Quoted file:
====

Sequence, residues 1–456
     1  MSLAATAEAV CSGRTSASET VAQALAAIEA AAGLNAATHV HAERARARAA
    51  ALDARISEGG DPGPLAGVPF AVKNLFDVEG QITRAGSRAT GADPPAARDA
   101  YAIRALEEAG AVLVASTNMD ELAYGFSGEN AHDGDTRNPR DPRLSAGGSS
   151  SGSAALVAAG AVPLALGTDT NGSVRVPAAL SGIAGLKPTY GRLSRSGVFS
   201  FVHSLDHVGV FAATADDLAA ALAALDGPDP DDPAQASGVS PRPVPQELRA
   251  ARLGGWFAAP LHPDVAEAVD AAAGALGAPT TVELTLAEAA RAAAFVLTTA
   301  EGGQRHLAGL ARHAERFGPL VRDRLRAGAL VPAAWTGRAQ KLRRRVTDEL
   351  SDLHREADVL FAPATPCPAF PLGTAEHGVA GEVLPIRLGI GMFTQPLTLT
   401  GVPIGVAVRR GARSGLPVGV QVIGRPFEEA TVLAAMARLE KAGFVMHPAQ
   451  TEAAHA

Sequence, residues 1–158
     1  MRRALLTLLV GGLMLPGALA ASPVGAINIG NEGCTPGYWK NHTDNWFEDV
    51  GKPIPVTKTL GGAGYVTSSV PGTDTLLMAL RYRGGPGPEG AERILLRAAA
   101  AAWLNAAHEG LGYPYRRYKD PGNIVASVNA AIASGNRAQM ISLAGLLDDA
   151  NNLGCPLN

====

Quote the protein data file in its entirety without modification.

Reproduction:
Sequence, residues 1–456
     1  MSLAATAEAV CSGRTSASET VAQALAAIEA AAGLNAATHV HAERARARAA
    51  ALDARISEGG DPGPLAGVPF AVKNLFDVEG QITRAGSRAT GADPPAARDA
   101  YAIRALEEAG AVLVASTNMD ELAYGFSGEN AHDGDTRNPR DPRLSAGGSS
   151  SGSAALVAAG AVPLALGTDT NGSVRVPAAL SGIAGLKPTY GRLSRSGVFS
   201  FVHSLDHVGV FAATADDLAA ALAALDGPDP DDPAQASGVS PRPVPQELRA
   251  ARLGGWFAAP LHPDVAEAVD AAAGALGAPT TVELTLAEAA RAAAFVLTTA
   301  EGGQRHLAGL ARHAERFGPL VRDRLRAGAL VPAAWTGRAQ KLRRRVTDEL
   351  SDLHREADVL FAPATPCPAF PLGTAEHGVA GEVLPIRLGI GMFTQPLTLT
   401  GVPIGVAVRR GARSGLPVGV QVIGRPFEEA TVLAAMARLE KAGFVMHPAQ
   451  TEAAHA

Sequence, residues 1–158
     1  MRRALLTLLV GGLMLPGALA ASPVGAINIG NEGCTPGYWK NHTDNWFEDV
    51  GKPIPVTKTL GGAGYVTSSV PGTDTLLMAL RYRGGPGPEG AERILLRAAA
   101  AAWLNAAHEG LGYPYRRYKD PGNIVASVNA AIASGNRAQM ISLAGLLDDA
   151  NNLGCPLN